Jerry Sandusky Sentencing: Judge to Give 10 Years to Life Jail Term

By Elena Garcia , Christian Post Reporter
October 8, 2012|2:56 pm
  • Former Penn State football defensive coordinator Jerry Sandusky is pictured in this Nov. 5, 2011 police photograph obtained.
    (Photo: Reuters/Pennsylvania State Attorney General's Office)
    Former Penn State football defensive coordinator Jerry Sandusky is pictured in this Nov. 5, 2011 police photograph obtained.

At the Jerry Sandusky sentencing on Tuesday, Judge John M. Cleland will sentence the former Penn State University assistant football coach anywhere from 10 years to 218 years--or a lifetime--behind bars for 45 counts of child sex abuse.


Sandusky is expected to read a statement he has been working on for the past three months before the judge at tomorrow's sentencing hearing. Lawyers for Sandusky has said he regrets not speaking in his own defense at his trial.

Back in June, Sandusky was found guilty of 45 counts of child sex abuse after eight boy and two eye-witnesses took the stand.

In determining how much jail time to give Sandusky, the judge will have to decide whether the convicted child rapist should serve these individual offenses simultaneously or consecutively.

The judge will unlikely give the absolute minimum punishment of 10 years in jail. According to the Patriot-News, Sandusky could serve 72 years behind bars before being eligible for parole if the judge gives him the average sentence for each of his crimes. Cleland could also give him the most extreme sentence of 218 years in jail.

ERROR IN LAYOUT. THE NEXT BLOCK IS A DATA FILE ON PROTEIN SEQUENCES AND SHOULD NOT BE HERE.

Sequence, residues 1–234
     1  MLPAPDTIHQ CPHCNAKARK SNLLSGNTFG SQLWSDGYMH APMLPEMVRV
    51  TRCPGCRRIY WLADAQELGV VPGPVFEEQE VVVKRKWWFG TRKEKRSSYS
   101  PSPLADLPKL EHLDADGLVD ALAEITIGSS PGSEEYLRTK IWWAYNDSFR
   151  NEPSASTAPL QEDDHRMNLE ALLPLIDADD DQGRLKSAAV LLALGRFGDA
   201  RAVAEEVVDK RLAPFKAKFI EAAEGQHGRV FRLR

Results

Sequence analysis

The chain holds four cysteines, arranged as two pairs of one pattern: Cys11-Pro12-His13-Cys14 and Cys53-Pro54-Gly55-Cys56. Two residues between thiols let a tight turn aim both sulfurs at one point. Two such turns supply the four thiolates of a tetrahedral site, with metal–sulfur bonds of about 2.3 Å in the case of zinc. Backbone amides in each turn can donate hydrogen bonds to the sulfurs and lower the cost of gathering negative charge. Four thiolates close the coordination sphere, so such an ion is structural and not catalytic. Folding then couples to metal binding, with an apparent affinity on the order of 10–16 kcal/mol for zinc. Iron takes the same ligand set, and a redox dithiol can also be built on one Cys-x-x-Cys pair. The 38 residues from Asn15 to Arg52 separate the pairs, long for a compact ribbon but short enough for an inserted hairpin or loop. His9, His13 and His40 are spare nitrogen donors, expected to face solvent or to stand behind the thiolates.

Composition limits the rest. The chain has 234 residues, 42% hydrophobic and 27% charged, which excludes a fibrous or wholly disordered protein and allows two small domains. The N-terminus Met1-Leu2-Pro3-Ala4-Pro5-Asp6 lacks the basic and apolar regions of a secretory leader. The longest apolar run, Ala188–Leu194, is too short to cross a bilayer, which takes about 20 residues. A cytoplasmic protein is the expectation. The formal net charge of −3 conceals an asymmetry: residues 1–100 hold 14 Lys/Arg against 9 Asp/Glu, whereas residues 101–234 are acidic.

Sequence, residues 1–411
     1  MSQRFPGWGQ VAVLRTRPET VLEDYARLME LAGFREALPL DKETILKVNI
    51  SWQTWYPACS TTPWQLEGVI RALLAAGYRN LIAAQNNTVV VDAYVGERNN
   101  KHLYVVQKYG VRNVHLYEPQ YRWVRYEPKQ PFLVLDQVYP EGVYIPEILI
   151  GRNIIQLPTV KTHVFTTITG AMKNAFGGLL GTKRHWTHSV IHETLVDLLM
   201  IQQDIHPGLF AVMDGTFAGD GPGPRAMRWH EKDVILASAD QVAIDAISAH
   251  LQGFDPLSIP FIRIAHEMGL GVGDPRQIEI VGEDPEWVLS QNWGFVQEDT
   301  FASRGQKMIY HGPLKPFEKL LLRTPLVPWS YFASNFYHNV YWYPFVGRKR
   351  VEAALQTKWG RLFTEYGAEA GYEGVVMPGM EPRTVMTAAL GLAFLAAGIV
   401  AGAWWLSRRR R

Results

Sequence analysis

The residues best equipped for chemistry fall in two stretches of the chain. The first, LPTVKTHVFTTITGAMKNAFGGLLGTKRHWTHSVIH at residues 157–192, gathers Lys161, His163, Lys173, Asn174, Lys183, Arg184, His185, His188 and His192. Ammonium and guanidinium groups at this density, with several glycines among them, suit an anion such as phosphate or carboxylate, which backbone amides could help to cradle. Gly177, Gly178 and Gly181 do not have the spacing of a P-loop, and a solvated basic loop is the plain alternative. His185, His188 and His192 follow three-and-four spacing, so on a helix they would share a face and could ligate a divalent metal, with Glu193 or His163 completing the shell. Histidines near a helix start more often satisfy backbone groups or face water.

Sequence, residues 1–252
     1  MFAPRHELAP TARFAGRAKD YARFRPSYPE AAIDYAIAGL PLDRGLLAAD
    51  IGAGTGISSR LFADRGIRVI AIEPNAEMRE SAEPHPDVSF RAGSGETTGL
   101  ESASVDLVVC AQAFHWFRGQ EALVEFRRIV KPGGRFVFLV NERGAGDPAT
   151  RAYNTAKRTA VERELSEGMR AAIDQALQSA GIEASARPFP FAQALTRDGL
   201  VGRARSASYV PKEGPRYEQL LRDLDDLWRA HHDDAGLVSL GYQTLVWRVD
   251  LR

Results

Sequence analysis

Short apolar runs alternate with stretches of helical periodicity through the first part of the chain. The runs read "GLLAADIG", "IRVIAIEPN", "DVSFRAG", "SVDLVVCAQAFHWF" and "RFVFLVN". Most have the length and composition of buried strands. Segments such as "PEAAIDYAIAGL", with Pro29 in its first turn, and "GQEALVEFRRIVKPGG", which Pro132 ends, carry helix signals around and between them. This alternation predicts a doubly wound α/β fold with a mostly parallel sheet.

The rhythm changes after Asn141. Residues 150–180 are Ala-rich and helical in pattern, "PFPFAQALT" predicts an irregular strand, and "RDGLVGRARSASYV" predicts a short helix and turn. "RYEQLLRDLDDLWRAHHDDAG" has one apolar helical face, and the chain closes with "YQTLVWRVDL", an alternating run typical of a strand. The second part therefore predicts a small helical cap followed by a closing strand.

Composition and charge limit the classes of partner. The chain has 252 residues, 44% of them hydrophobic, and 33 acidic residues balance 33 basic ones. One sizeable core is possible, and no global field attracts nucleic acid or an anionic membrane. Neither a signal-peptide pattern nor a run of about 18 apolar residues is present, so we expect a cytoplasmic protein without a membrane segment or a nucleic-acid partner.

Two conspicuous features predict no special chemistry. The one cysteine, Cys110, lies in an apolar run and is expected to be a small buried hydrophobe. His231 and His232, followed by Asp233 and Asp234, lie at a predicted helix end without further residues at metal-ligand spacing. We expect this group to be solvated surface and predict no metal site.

Several jurors who spoke to The Associated Press last week said they want a life sentence of Sandusky.

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But Wes Oliver, a law professor and director of the Criminal Justice Program at theDuquesne University School of Law, said it's unlikely that Cleland will give the maximum punishment.

"Cleland is not a grandstander," Oliver wrote in a NBC News piece. Jerry Sandusky's "sentence may approach the century mark, but a maximum sentence seems unlikely.

Before the sentencing hearing, a hearing will be held to determine whether to label Sandusky as a sexually violent predator, which would require him to register with authorities if he were to be paroled.

His defense attorney Joe Amendola has said he thinks Sandusky will be assigned to a minimum-security facility for nonviolent people.

According to an AP report, Sandusky will be able to watch Penn State football while in prison and attend religious services. Sandusky was a regular attendee at a Methodist church in State College.

Meanwhile, a key witness in the Sandusky trial known as Victim 1 will release a book about his ordeal on Oct. 23. The victim, now 18, will also reveal his identity the same day of the book's release in an interview with ABC's Chris Cuomo.

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